Privacy laws prohibit Ms. Fitzsimmons from giving details of the examinations or each report.
Four days before the fire, Ms. Lucas called police and reported that she had been beaten up. A police report states that Ms. Lucas had a "busted lip and busted nose" and that the assailant was Tony Lucas.
"Victim reports that her husband got angry because she wouldn't give him her rent money so he could buy drugs," the report said.
But Michelle Lucas says her sister was not married. Tony Lucas is their brother, she said.
The blaze, believed by firefighters to have been started in the living room, spread quickly through the house. Ms. Lucas jumped out of a second-story window just after the fire started. Afterward, she lay crying on the floor of a rowhouse across the street.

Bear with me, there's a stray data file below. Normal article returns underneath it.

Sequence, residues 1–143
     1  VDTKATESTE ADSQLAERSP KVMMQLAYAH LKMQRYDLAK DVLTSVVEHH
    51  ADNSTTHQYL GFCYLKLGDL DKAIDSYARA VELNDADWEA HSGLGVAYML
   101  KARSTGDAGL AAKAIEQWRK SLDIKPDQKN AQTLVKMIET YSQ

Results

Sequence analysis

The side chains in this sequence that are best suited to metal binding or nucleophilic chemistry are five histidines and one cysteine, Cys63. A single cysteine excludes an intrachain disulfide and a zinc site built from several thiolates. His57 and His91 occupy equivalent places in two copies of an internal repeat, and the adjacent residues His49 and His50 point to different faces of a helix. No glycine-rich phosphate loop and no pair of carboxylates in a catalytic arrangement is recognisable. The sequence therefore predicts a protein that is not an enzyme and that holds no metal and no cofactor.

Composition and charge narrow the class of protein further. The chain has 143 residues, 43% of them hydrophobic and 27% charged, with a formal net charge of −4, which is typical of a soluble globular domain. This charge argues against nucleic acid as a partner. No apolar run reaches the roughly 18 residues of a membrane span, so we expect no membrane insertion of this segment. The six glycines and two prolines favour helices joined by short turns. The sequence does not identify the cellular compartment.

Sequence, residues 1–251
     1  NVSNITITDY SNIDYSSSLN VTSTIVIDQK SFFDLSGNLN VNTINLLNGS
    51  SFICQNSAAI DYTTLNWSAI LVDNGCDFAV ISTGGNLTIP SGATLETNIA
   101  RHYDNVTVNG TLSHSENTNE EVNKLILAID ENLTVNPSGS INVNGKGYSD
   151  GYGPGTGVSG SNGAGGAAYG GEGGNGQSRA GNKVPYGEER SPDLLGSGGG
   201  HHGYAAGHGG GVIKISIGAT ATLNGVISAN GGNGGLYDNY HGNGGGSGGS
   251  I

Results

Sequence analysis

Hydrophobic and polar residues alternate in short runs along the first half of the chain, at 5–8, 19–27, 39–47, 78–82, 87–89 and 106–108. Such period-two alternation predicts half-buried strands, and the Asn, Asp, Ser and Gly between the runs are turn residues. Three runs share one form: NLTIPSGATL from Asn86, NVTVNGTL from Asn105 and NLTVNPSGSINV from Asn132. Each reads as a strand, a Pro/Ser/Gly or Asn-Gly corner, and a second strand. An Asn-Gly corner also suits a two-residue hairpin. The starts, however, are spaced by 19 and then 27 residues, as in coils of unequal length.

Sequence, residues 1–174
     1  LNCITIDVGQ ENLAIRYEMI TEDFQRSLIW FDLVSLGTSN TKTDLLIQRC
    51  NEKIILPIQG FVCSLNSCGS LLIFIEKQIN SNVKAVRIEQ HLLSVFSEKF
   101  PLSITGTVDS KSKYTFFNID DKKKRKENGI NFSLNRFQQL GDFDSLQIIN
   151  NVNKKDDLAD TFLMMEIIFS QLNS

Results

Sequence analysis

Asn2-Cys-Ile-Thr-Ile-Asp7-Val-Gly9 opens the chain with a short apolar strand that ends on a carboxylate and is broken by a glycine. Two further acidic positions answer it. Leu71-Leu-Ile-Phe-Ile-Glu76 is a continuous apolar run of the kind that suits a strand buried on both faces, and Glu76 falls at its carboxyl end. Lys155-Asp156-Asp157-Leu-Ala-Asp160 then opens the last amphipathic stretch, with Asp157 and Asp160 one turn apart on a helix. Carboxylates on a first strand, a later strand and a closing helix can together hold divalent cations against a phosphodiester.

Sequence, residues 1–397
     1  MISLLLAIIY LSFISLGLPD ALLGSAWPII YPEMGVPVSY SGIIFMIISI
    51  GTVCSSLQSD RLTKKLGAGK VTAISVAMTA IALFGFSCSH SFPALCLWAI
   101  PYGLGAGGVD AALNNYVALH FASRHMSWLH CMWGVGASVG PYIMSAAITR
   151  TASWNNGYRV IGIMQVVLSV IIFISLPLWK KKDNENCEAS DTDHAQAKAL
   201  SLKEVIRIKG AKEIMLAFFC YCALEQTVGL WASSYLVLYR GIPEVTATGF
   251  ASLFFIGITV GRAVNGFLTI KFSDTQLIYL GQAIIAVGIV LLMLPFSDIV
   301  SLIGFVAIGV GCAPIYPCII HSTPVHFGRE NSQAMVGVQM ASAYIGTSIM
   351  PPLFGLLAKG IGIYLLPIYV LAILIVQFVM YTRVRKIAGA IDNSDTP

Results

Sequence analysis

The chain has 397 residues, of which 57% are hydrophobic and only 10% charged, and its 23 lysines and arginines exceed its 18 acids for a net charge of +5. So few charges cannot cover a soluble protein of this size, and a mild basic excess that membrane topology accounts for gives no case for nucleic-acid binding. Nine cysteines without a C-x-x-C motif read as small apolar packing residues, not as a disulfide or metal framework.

"She was so emotional, she wanted to know what happened to her children," said Marsha Hopkins, the neighbor who comforted Ms. Lucas minutes after the fire.
On July 29, aided by city eviction-prevention officials, Ms. Lucas submitted a handwritten motion to District Court Judge Martin A. Kircher claiming that she had paid landlord George Dangerfield back rent for part of May and June with a money order dated June 17.
Mr. Dangerfield said he never received the $432 money order, and Ms. Lucas asked the judge for a stay of eviction until July 2 to obtain a refund and "pay the landlord again."
Judge Kircher granted the motion. He asked Ms. Lucas to find the money order receipt and bring it back to rent court, which she never did, said Bernadine Simmons, of eviction prevention. Ms. Simmons said she also advised Ms. Lucas that if she were evicted, she could seek emergency shelter.